President Jacob Zuma and Russian counterpart Vladimir Putin during bilateral Talks in May 2013. Several rounds of discussions included the subject of nuclear energy. Picture: GCIS
President Jacob Zuma and Russian counterpart Vladimir Putin during bilateral Talks in May 2013. Several rounds of discussions included the subject of nuclear energy. Picture: GCIS

THE imminent revival of the Integrated Energy Planning (IEP) process, which allows the public to give its views on what South Africa’s future energy mix should be, provides an opportunity to move well beyond conservative and fatalistic thinking.

This is the view of energy expert Richard Worthington, who also felt that renewable energy technologies should be prioritised, immediately and ambitiously, and that their share in the total energy mix should be made as large as possible in the long term. “There is no other decision for which there is such a compelling case, with such a broad range of benefits and no down side.”

Mr Worthington was speaking on Friday at a seminar at Wits University discussing his latest report, The Tyranny of Realism, which was supported by the British High Commission in South Africa. The report was part of a broader project undertaken by Project 90 by 2030, a nonprofit organisation that aims to change the way South Africans live and relate to the environment.

President Jacob Zuma’s recent state of the nation speech placed high importance on energy for economic growth, and included a statement that nuclear energy and shale gas would be an important part of the mix. South Africa presently derives more than 90% of its electricity from ageing coal-fired power stations, which are heavy emitters of greenhouse gases.

The Department of Energy is compiling an IEP report due for submission to the Cabinet in the last quarter of this year. The IEP has to be completed before the government updates its Integrated Resource Plan 2010 on how it will generate electricity in future.

What drives SA nuclear power calls?

Mr Worthington questioned whether public debate around the IEP would have any influence on decision making or whether the deals were happening elsewhere.

For example, was the government’s decision to move ahead on new nuclear power being made by Mr Zuma and Russian President Vladimir Putin or was it being driven by the need to meet the country’s high energy demand?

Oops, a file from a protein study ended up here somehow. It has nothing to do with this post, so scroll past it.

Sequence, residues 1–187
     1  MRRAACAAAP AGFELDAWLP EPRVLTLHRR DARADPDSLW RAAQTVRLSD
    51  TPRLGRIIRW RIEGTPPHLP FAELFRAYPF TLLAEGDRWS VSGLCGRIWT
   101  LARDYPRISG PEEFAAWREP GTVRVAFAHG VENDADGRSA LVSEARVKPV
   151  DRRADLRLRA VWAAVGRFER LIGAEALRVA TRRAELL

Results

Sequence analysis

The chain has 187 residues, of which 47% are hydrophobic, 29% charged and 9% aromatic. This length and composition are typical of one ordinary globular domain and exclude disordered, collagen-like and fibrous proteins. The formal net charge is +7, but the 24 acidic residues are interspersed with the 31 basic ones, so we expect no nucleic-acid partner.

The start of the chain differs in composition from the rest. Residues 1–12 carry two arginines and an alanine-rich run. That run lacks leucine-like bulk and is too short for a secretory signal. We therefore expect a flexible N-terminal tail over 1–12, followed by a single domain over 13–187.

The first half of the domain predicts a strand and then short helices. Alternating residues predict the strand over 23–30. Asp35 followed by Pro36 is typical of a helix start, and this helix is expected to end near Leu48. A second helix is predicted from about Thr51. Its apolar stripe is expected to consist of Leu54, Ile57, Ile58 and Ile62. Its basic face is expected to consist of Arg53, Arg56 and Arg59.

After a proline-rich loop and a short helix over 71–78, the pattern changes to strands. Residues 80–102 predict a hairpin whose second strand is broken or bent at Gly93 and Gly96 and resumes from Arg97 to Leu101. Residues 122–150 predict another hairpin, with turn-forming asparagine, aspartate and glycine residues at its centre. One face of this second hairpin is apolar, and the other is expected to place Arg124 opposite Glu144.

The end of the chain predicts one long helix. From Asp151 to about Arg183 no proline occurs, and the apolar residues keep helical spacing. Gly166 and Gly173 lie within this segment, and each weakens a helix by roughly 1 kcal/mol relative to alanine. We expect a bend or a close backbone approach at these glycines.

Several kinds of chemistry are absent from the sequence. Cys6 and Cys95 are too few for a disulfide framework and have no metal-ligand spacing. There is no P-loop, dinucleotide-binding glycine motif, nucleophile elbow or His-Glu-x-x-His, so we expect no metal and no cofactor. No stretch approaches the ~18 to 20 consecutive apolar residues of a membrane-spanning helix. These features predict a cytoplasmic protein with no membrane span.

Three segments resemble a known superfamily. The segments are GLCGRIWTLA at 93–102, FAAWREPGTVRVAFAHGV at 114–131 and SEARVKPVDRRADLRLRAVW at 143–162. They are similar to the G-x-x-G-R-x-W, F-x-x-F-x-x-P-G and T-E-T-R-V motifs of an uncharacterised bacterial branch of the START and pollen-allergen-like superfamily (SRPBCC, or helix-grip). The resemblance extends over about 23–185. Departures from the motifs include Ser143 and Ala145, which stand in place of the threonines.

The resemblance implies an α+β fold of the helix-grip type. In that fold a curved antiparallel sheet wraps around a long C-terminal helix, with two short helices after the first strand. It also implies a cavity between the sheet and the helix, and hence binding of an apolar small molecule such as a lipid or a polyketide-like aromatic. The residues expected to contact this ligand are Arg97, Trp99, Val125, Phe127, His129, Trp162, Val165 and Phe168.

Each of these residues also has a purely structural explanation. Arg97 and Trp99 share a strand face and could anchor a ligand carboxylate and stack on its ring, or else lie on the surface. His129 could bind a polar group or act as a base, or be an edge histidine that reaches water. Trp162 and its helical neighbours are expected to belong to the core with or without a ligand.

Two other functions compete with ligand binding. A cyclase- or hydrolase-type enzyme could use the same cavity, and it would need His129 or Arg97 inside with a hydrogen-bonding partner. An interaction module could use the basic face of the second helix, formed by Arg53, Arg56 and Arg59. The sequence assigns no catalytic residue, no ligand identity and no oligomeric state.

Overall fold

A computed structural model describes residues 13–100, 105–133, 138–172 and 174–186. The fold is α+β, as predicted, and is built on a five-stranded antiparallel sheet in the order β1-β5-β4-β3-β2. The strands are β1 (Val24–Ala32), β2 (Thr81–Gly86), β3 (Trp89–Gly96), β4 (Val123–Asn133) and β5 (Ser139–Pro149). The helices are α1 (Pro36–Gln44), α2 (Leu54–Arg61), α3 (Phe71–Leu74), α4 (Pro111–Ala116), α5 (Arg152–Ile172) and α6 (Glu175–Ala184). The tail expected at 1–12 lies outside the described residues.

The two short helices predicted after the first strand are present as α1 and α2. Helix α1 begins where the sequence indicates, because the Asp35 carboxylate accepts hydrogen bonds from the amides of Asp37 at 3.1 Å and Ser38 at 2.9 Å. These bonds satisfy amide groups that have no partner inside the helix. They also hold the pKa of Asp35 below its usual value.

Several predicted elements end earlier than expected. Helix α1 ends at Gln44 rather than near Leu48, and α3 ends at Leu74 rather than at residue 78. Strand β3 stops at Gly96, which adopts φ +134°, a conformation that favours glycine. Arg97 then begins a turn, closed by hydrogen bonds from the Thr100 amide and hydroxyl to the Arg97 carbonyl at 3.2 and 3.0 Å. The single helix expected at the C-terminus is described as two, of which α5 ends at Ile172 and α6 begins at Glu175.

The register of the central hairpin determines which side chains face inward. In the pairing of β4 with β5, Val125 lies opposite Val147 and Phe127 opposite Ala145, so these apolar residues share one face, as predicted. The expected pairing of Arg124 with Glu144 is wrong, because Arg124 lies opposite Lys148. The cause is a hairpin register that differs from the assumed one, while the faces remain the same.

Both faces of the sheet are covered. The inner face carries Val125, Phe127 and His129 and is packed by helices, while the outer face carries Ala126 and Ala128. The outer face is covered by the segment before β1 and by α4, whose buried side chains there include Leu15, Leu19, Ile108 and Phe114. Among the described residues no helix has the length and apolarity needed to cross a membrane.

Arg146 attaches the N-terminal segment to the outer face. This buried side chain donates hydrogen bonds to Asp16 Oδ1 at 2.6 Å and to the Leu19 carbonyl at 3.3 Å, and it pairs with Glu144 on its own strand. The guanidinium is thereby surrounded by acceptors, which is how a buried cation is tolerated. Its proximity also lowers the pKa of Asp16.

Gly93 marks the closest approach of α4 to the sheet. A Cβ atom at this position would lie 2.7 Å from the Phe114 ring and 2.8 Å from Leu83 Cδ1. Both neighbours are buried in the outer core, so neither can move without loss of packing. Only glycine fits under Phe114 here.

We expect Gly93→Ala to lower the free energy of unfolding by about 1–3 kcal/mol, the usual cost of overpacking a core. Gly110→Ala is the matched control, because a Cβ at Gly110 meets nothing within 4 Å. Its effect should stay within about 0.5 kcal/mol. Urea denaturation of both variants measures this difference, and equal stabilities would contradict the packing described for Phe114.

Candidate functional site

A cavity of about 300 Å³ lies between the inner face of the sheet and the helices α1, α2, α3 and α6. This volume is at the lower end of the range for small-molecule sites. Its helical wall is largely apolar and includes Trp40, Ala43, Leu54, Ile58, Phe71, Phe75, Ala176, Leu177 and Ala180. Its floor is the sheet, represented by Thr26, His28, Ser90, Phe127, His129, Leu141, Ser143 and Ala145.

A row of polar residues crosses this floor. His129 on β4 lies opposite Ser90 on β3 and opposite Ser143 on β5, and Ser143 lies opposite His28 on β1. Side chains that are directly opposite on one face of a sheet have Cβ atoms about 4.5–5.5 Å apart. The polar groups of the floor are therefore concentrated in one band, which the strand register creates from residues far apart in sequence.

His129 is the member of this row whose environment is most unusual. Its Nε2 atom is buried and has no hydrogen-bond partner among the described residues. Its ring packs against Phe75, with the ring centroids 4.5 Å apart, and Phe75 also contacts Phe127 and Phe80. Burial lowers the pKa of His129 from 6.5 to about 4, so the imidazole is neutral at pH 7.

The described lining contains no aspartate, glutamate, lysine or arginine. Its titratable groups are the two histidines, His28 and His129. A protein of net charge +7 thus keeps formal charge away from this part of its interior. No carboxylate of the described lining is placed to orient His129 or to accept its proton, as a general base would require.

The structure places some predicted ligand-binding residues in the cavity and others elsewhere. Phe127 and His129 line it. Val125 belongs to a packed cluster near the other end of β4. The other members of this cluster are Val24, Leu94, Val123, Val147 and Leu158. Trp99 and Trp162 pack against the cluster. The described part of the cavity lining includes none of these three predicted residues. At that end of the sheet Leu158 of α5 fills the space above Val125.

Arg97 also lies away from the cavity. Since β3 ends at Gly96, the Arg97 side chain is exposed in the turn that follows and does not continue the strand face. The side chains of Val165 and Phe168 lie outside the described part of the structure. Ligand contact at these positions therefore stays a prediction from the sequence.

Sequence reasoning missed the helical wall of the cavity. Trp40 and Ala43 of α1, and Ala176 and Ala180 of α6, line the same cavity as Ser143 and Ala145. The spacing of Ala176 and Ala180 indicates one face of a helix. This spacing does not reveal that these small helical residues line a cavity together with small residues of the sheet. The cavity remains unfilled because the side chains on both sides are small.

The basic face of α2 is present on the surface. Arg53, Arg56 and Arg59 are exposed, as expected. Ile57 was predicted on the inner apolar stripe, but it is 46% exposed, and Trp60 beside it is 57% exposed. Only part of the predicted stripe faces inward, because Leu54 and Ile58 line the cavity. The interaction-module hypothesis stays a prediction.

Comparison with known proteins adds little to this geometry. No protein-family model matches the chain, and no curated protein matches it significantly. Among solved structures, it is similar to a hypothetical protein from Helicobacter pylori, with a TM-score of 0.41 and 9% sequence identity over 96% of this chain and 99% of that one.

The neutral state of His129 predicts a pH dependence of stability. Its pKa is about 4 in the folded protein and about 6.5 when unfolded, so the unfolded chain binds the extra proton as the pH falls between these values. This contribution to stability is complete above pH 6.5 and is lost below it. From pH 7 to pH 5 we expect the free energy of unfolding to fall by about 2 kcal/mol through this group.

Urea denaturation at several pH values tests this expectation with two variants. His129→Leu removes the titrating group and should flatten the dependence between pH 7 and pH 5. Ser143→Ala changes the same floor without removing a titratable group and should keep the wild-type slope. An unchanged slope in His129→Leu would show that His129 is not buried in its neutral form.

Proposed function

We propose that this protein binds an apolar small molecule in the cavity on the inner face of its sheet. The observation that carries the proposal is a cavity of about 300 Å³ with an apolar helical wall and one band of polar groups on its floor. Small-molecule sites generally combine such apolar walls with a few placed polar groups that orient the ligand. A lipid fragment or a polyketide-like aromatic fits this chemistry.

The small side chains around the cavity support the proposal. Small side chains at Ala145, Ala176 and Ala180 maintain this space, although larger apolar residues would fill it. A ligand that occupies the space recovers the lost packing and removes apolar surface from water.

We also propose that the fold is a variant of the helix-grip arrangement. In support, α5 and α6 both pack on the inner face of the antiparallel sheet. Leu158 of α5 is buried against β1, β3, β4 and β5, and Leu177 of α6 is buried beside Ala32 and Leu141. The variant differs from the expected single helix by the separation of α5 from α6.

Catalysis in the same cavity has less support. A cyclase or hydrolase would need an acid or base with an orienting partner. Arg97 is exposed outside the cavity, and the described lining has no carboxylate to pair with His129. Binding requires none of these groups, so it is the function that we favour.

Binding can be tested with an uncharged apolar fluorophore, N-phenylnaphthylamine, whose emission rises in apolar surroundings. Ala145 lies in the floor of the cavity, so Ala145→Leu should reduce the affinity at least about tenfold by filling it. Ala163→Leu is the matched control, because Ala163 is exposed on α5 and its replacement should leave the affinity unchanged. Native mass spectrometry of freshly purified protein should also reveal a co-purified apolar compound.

He said current consensus, which justified using extractive energy resources to maintain concentrations of wealth, was “callous and self-serving”. Over the long term, South Africa would have to phase out fossil fuel use and the sooner this began, the less disruptive and costly the transition would be.

Asked to give the fossil fuel industry’s point of view, Xavier Prevost, senior coal analyst at XMP Consulting, referred to recent articles in publications in Europe, Australia and the US that pointed out, among other things, that coal was more widely distributed around the world than any other energy source and generally cheaper.

Developing countries like China and India had far more coal than gas. Commentators also argued the solution was not to ban coal but to use technology to reduce coal’s carbon emissions.

Wind and solar energy

While it was relatively easy to push up the share of wind and solar energy from a very low base, it would become harder to find good sites over time, and as these renewable power sources took over coal’s share of energy generation, coal would become even cheaper.

Mr Worthington said options that were not being discussed in the IEP, and should be, were to aim for even lower carbon emissions than the current band considered pragmatic, or to phase out fossil fuels or the internal combustion engine entirely.

He also said he had been assured by the department that another public workshop on the IEP would be held shortly, though the timing was not clear.